View Original Notice ? Sparks approach free agency with long-range goals in mind
The Sparks feel as though they have some unfinished business entering 2022.
After losing perennial All-Stars Candace Parker and Chelsea Gray in free agency last year, the injury-ravaged Sparks missed the playoffs for the first time in nine seasons, finishing 10th in the 12-team WNBA with a record of 12-20, the second-worst in franchise history behind only 2007’s 10-24 team.
There aren’t many obvious moves pending for the cap space-strapped team entering free agency this season, but if they can stay healthy, the Sparks are optimistic their current core can continue to progress and prove more competitive next season.
And then they can swing for the fences in 2023, when all but two of their players will be free agents, freeing up cap space substantially.
“We knew going into a transition into a new era, a new way of dong business on and off the court, that it was going to be hard,” said Derek Fisher, the team’s general manager and head coach, shortly after last season ended. “I think as a group we didn’t anticipate the level of injuries and adversity that we’d face on the court, but our players still came to work every day with the expectation that they had to buy into what we were doing to continue to work hard and continue to play for one another. And they got that accomplished.
“We’re not happy (to miss the playoffs), but we are excited and motivated about what is to come, what we’re creating together.”
For now, Fisher enters free agency with six of his team’s nine rostered players on guaranteed contracts and, accounting for cap holds, a maximum of about $97,000 to offer free agents (barring a trade).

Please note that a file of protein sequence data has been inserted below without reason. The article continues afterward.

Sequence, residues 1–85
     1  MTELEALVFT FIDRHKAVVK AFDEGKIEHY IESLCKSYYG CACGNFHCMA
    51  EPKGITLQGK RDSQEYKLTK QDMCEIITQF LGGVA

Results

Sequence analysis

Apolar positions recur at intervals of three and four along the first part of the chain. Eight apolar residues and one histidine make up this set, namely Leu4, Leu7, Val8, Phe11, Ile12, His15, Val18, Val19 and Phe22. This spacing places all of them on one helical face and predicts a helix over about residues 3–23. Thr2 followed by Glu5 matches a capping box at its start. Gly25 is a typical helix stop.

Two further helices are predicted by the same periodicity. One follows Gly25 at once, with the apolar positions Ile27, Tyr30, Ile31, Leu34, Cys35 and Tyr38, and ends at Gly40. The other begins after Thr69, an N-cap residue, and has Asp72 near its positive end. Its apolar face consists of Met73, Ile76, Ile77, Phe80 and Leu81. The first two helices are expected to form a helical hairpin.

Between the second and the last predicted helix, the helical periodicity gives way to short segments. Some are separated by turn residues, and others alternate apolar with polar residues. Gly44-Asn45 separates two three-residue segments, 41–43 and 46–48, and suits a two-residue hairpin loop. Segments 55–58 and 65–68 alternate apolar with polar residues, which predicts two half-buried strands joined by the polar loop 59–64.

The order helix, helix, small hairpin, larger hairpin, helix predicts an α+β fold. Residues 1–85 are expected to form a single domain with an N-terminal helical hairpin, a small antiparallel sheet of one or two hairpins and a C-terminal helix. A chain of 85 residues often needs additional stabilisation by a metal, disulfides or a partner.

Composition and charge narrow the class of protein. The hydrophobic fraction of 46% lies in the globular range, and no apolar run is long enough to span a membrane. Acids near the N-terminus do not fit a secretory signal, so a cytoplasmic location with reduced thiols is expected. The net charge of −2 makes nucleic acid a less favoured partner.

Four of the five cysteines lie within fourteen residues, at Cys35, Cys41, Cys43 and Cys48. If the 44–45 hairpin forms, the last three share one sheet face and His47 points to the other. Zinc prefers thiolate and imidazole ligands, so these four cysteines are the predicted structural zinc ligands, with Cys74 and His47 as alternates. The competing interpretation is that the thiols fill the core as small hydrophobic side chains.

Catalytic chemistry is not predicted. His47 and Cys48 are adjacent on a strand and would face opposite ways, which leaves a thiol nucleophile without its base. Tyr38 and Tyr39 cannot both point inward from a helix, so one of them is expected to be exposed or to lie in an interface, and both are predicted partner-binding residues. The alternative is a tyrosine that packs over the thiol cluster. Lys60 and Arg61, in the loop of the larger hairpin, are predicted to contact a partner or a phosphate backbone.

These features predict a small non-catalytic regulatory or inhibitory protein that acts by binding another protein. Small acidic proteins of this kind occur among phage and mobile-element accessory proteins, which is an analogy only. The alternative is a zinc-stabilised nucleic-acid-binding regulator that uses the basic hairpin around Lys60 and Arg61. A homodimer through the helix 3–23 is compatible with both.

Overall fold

They’d like to bring back Nia Coffey, a versatile 6-foot-1 forward and their sole unrestricted free agent, who last season made the most of her opportunity with the Sparks – her fourth WNBA team in five seasons.
The 26-year-old Minnesota native fit in well with Fisher’s group, and she enjoyed a breakout season in her first season in L.A., averaging career-highs across the board, including in points (8.3), 3-point percentage (41.7), minutes (25.2) and blocks (1.2) – production that could draw interest from other suitors as well.
After re-signing backup center Lauren Cox on Jan. 4, the Sparks also have yet to re-sign popular point guard Te’a Cooper, who is a reserved player and cannot negotiate with another team.
There remains the specter of Maria Vadeeva, the talented Russian center who hasn’t played WNBA basketball since 2019 – even though the Sparks held open a roster spot last season, expecting she’d join them after the Olympics. They have her rights should she choose to play, but they won’t hold their breath – or her place – waiting for her decision this season.
From the Fisher’s perspective, it will feel like he’s adding a couple of new players, even if they don’t technically sign any free agents: Former UConn star Gabby Williams will make her Sparks debut after sitting out last season because of French national team commitments. And 2021 No. 7 overall pick Jasmine Walker will play for the first time since she suffered a torn anterior cruciate ligament last year in just the second game of her rookie season.
The Sparks were decimated by injuries last season, which sidelined their leader, Nneka Ogwumike, for a career-high 14 games, her sister, Chiney Ogwumike, for 25 and Kristi Toliver for 13.
With so much lineup fluctuation, the Sparks struggled offensively, averaging a league-low 72.8 points per game, but continued to excel on the defensive end, giving up just 77.1 points per game, the second-fewest league-wide.
“When you miss the significant players that we missed in terms of number of games, it made it a tough and uphill battle the whole way,” Fisher said. “But I think when we look back on it, we’re gonna see it forced us to grow maybe more than we would have had we been healthy.
“Part of this transition is separating ourselves form being so reliant on who the player is – the name of the back of her jersey – as opposed to building habits, creating a way to play … that no matter who it is, who we draft, sign, trade for, bring in, there’s a standard.”
— Los Angeles Sparks (@LASparks) January 11, 2022